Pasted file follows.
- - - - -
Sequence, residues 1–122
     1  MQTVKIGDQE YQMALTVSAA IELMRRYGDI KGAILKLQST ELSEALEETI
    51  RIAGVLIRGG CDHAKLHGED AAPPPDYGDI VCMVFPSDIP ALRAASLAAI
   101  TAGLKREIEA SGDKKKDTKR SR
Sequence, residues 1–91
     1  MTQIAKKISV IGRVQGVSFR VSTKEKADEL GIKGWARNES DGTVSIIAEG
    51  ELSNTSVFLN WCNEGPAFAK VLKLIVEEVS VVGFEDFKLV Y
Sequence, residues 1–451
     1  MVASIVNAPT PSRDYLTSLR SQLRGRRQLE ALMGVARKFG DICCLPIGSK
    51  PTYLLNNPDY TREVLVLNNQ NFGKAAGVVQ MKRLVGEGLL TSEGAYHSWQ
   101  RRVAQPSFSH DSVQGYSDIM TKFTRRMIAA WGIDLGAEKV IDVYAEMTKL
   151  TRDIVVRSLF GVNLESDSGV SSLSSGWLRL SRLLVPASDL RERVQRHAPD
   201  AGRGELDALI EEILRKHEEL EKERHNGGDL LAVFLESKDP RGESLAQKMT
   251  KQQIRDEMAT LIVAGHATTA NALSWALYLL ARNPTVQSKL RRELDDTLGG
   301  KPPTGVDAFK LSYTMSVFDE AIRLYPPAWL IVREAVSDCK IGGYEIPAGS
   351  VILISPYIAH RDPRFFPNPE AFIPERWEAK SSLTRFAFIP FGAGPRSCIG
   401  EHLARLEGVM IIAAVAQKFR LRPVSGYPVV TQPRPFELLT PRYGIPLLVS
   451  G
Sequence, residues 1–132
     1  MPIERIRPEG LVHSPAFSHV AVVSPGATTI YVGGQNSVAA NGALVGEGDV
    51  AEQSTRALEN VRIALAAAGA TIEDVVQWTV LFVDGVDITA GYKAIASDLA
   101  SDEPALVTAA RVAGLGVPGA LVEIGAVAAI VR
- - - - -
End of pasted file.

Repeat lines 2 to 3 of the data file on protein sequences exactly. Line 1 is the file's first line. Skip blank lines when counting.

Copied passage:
     1  MQTVKIGDQE YQMALTVSAA IELMRRYGDI KGAILKLQST ELSEALEETI
    51  RIAGVLIRGG CDHAKLHGED AAPPPDYGDI VCMVFPSDIP ALRAASLAAI